In "Dream Variations," Langston Hughes wants a carefree life free of discrimination and prosecution. The first stanza describes his dream and the feelings he enjoyed in the past. In the second stanza, the poet is dreaming after a long day's hard work, and this dream is incomplete.
Hughes was an important literary figure and prominently contributed to the Harlem Renaissance. His writings primarily covered the time period of the 1920s through the 1960s. Most of what he wrote offered colorful and insightful portrayals of black life in America.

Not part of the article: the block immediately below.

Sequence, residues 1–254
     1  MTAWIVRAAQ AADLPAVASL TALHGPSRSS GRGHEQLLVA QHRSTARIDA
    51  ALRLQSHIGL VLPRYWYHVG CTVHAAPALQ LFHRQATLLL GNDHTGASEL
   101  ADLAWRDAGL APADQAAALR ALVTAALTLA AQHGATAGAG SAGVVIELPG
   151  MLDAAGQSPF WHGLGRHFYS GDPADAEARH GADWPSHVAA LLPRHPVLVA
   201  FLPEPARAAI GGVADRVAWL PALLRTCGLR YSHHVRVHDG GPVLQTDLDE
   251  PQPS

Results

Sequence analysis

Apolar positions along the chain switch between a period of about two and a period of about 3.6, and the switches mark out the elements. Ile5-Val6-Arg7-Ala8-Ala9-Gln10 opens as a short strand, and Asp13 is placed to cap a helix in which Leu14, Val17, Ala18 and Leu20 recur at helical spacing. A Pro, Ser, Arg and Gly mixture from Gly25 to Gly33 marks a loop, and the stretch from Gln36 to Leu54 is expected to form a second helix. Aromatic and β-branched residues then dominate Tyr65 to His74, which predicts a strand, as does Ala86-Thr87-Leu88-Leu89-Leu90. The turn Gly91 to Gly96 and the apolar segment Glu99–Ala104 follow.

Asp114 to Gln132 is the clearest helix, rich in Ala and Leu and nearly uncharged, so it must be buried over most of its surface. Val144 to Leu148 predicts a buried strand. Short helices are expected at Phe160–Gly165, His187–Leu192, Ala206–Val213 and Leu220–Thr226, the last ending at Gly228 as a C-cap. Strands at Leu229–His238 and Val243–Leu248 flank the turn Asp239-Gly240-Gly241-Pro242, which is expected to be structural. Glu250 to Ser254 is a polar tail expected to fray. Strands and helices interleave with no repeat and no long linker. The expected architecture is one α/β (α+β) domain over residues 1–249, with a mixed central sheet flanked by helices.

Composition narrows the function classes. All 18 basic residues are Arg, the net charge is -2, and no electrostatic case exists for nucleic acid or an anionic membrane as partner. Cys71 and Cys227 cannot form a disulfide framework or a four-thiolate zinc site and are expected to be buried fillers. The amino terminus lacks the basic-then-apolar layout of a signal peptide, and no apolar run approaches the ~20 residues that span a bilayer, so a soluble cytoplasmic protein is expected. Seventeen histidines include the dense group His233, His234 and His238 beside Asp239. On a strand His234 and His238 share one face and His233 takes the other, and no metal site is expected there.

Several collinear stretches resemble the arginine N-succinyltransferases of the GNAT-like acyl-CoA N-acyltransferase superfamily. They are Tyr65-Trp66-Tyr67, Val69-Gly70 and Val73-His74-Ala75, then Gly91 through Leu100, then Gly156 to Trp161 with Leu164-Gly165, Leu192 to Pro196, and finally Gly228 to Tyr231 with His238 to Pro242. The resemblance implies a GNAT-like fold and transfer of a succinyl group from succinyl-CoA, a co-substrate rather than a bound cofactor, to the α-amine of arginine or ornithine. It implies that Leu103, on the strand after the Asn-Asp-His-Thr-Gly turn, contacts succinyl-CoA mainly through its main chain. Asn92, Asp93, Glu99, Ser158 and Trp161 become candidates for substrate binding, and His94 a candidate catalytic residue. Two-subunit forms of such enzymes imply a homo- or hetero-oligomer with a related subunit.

The first stanza of "Dream Variations" talks about the poet's dream of enjoying games in a sunny place, moving and dancing until the happy day ends and finding rest under a tall tree until darkness falls. The second stanza speaks to his reality. It talks about working despite the sun being hot and being so busy that the day passes by very quickly. Dancing, in this stanza, represents hard labor. When night finally comes, it is painful because it reminds him that he is black, and not white. He cannot rest under a tall tree because he lives in the city. This poem is a longing, reminiscing look back at Africa and the freedom of a less complicated world.